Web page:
Thomas
 

stargazer

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Yes, Thomas, this does help, and thank you for responding.

I think the bottom line is that any negative thoughts about the self are really a cognitive problem. This is a little obvious but start with the basics. So they are caused by negative thoughts, Ask yourself Why? What causes you to think of your self in a negative way?

I think a large part of my problem is that I'm having negative thoughts about myself based on things that other people are saying about me, and evidently perceiving in me. I feel unaccepted. Yesterday I lost my job, for example, and I am having a hard time thinking well of myself. The loss of the job means that they did not like me, and that I was somehow unacceptable. And so it affects my self-image. What other people think of me is affecting me self-image, even though I know it shouldn't.

For example personally I never felt accepted by people because i constantly had depression/anxiety and no one i knew had it. This caused me to feel like i was a loser and crazy and jus overall give myself a bad self image.

That's kind of how I feel. I feel as though I have to totally limit my interactions with people in order to avoid getting the feeling they think I'm a loser and crazy. I think if these people hadn't have been exposed to me four days a week, they wouldn't have eventually started to think I was in some way unacceptable. It is also hard for me to have lost two jobs in a row now, for seemingly similar reasons. Everything seemed to be going great, and then in the last week it was as though everybody just ganged up on me all of a sudden, and I couldn't take it. Same thing happened on my last job down in San Jose, and then I had to go through all that hell, and staying in the homeless shelter, and the whole thing.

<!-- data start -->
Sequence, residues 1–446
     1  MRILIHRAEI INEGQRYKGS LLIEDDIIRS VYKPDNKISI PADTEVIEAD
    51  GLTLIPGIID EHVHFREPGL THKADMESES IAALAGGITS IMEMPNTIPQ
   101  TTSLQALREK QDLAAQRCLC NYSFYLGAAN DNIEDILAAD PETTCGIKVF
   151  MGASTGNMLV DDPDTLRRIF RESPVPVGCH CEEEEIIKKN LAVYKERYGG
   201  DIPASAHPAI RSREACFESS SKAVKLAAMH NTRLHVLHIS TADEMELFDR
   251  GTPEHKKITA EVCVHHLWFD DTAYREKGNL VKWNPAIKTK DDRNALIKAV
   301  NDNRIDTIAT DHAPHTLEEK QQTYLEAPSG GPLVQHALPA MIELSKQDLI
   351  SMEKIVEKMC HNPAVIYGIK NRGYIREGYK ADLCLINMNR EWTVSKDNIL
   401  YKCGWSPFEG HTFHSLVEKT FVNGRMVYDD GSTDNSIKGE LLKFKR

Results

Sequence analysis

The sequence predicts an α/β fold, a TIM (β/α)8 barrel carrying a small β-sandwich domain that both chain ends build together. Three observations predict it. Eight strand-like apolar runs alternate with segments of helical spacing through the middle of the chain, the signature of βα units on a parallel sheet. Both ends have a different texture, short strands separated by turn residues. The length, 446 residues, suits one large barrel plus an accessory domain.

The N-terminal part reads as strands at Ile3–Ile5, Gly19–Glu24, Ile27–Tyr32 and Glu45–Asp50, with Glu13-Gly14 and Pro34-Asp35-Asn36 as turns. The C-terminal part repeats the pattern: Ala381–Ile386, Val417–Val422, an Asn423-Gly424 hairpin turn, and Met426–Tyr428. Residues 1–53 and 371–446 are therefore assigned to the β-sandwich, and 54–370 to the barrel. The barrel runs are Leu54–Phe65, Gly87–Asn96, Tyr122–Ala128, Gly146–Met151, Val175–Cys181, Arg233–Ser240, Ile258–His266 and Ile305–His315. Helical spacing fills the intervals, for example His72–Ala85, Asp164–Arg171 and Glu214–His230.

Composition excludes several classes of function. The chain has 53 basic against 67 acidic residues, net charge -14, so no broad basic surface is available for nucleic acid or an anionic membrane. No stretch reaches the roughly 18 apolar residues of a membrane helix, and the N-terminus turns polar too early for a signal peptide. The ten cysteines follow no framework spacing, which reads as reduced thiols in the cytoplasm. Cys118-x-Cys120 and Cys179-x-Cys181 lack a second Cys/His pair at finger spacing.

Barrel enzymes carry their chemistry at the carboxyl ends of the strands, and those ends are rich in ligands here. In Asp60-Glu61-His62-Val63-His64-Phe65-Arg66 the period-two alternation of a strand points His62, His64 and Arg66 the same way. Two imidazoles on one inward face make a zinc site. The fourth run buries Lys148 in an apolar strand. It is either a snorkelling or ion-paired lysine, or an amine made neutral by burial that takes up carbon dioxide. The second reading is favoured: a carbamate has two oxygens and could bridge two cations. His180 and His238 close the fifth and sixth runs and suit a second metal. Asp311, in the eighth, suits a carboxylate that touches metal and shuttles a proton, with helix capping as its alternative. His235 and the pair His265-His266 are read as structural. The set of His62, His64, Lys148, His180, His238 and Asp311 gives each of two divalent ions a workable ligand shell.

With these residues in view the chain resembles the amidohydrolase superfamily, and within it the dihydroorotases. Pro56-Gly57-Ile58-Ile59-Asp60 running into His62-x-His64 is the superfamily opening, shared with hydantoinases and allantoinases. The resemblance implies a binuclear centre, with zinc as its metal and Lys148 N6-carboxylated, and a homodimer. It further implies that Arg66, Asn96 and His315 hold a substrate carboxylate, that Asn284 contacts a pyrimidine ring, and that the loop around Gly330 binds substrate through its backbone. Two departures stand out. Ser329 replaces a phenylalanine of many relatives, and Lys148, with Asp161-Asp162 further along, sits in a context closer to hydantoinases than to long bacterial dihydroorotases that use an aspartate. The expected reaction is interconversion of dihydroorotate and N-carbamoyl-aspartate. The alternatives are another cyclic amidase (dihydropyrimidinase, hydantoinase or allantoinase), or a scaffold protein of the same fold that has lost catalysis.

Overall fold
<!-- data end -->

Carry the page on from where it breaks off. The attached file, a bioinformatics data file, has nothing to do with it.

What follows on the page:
Another thing is with negative thoughts they are usually caused by emotions not rationality u kno?

I'm not sure that's true, Thomas. I'm told in CBT that the thoughts come first, then the emotions. That's what I've been working with anyway, that idea. But I agree that it's best to seek rationality, though it's difficult when the path is cluttered by overwhelming negative emotions.

If u see urself in all these negative ways that deep inside you know are innacurate you are listening to your emotions get the better of you. So when you have negative thought, actively use your rationality to correct them. Hope this helps.

Yes, that helps, and is also similar to what I have learned through Buddhism and meditation. We're talking about all that in therapy, and I've been trying to meditate regularly, although I don't do it too consistently. I do run long distances regularly, which also helps in a similar way.

In this morning's case, I can't run till the sky gets light. I lost my job yesterday. I put in an e-mail to my therapist who hasn't yet replied, and I can't get her voice mail till after eight in the morning, or over four hours from now. I woke up angry at three in the morning. I'm going to call the Crisis line now, because often in the middle of the night they have time to talk to me.